There are those that are firmly rooted in place, having been left behind or chosen to stay behind a more globalist world. These places are Britain’s towns: former industrial hubs, fading seaside resorts, the empty markets and exchanges of the shires, places no longer bustling but hollowed out and disconnected. These are the places Brexiteers and Lexiteers want to protect and revive in the comforting embrace of national pride, solidarity and industry. They want more control over the space of flows. Their lives and their loyalties are increasingly precarious and their votes are increasingly crucial to swing elections.
Their opposites are the libertarian free trading globalists who want to open up Britain even more finding flows that go far beyond Europe and reach even further into every part of our national infrastructure including those services still in public hands. Place and time collapse and blur. Their world is one where Britain (at least its major cities) thrives as a global broker of powerful flows of goods, services, knowledge and money. A world where there are few if any protections only opportunities, where corporations rival national governments, and if you rise to the top you must be the cream.
Sitting slightly in between these positions are the Atlanticist and Anglospherists. They value close connections with former dominions such as Canada, Australia, New Zealand and above all the special relationship with the USA. They are the twins of remainers in that they too take advantage of the space flows but differ in that their globalism is rooted in a commonwealth identity, tinged perhaps even with a nostalgia for English-speaking empire.
The Eco Coalition
It’s worth mentioning one other grouping that is increasingly significant but doesn’t weigh too heavily on the present remain/leave organising binary of Brexit politics.
This is the radical green movement, the protectionist but progressive globalists. They are the antithesis of the free marketers: seeking commons not capital in the space of flows. To them the world is both routed and rooted by its materiality: a space where biological, ecological, social and informational systems intersect and where place and flow intermingle.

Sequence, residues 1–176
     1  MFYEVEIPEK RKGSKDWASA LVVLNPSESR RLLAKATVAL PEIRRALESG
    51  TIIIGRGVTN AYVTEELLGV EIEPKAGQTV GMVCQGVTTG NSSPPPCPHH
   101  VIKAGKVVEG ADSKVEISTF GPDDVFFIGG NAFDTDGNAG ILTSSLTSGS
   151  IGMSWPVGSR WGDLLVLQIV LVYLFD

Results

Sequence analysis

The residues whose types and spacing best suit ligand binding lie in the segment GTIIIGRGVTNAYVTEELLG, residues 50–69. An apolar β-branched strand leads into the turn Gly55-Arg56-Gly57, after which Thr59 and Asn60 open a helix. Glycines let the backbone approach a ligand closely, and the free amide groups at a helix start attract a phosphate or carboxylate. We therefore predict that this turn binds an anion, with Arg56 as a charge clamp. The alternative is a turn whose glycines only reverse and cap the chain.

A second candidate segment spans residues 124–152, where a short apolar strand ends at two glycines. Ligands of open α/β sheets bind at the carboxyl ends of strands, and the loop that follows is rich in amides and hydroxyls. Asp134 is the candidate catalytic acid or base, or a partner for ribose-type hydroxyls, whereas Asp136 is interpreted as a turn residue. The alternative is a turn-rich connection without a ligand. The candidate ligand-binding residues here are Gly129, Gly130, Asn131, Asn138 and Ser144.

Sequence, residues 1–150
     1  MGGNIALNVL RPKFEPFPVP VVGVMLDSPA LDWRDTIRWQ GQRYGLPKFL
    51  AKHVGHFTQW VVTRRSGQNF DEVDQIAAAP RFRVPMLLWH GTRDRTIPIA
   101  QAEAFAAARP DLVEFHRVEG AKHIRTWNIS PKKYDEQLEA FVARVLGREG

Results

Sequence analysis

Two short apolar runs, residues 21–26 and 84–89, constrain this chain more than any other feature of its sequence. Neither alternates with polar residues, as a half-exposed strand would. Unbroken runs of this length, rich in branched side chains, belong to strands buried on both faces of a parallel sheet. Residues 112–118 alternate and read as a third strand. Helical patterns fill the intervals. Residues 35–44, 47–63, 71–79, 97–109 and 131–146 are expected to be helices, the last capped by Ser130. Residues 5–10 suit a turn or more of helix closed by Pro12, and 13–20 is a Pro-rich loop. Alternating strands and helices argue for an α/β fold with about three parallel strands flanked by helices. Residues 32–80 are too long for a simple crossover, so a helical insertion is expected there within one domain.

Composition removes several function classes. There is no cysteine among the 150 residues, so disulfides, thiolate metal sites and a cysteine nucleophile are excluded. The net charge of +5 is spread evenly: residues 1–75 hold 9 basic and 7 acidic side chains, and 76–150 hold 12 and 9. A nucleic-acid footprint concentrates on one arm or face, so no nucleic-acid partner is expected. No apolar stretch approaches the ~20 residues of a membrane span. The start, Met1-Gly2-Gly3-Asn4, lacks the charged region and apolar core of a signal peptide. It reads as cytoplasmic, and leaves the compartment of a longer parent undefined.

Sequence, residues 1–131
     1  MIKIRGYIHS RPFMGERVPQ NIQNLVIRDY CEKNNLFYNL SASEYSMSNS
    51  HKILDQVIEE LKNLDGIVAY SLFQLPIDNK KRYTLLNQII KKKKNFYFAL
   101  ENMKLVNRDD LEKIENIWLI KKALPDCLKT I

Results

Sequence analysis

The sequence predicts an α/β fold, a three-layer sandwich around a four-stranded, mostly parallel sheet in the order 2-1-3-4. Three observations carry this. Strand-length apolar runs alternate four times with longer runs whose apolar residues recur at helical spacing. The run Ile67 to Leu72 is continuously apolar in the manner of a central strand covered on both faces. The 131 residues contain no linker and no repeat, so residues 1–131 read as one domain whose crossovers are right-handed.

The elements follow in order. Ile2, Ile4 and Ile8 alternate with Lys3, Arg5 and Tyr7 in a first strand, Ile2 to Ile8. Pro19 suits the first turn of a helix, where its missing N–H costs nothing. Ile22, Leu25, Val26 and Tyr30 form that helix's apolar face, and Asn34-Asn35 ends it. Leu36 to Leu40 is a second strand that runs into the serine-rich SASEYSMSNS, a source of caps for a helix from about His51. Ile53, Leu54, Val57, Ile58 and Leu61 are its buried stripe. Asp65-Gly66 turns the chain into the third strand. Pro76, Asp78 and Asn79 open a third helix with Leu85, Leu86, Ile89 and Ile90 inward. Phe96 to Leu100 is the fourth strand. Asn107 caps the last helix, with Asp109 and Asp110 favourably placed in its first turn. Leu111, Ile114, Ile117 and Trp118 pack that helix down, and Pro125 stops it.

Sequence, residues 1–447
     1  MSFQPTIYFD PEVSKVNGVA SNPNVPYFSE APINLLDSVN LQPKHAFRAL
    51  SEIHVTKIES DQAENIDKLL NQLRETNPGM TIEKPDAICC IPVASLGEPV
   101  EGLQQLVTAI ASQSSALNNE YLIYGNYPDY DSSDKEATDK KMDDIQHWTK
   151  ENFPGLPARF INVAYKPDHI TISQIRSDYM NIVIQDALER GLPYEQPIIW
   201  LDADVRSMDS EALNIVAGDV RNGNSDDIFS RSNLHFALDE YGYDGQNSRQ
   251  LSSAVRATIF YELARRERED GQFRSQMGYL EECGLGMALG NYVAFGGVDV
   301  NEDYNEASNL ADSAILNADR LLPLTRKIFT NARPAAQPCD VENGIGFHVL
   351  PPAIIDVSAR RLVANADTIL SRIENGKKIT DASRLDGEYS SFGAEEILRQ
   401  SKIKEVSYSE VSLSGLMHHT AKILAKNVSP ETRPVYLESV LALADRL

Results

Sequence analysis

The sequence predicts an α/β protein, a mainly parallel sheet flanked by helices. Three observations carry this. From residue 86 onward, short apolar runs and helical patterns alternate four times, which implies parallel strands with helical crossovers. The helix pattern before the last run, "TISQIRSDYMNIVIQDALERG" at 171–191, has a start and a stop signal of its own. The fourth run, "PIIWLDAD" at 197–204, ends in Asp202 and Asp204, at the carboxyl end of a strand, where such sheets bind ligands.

They are idealistic, mostly young, small in size but growing. They want both connections and protections for all at planetary scale but struggle to find a route to power through traditional local, national, corporate and multilateral structures so their influence, whilst increasing, remains diffuse.
Finding a Majority
To govern the United Kingdom you need a majority. Theresa May and Jeremy Corbyn have each attempted to form a majority that negotiated leave and remain, space and flows by trying to unite remainer democrats with the nationalist precariat (in May’s case with the commonwealth and in Corbyn’s case the climate coalition) with visions for one-nation centrism and radical socialism respectively. So far this hasn’t quite worked.
Boris Johnson’s strategy is different: focus on holding the leave coalition together as long as possible by talking about the future as little as possible beyond immediate objectives to get Brexit done and invest modestly in the key areas of health, education, crime and defence that may also appeal to wavering Conservative remainers.
Despite having very different motivations, these three groups In the leave coalition have coalesced effectively around one short-term aim, leaving the European Union, and are prepared to work together to achieve it. We’ll find out soon whether this focus proves to be electorally successful (again).
If Brexit is achieved though, their unifying force dissipates and it would be interesting to see how the differences between them can be reconciled and how both the rooted and routed can be satisfied.
If not, what will win out: the space of place or of flows?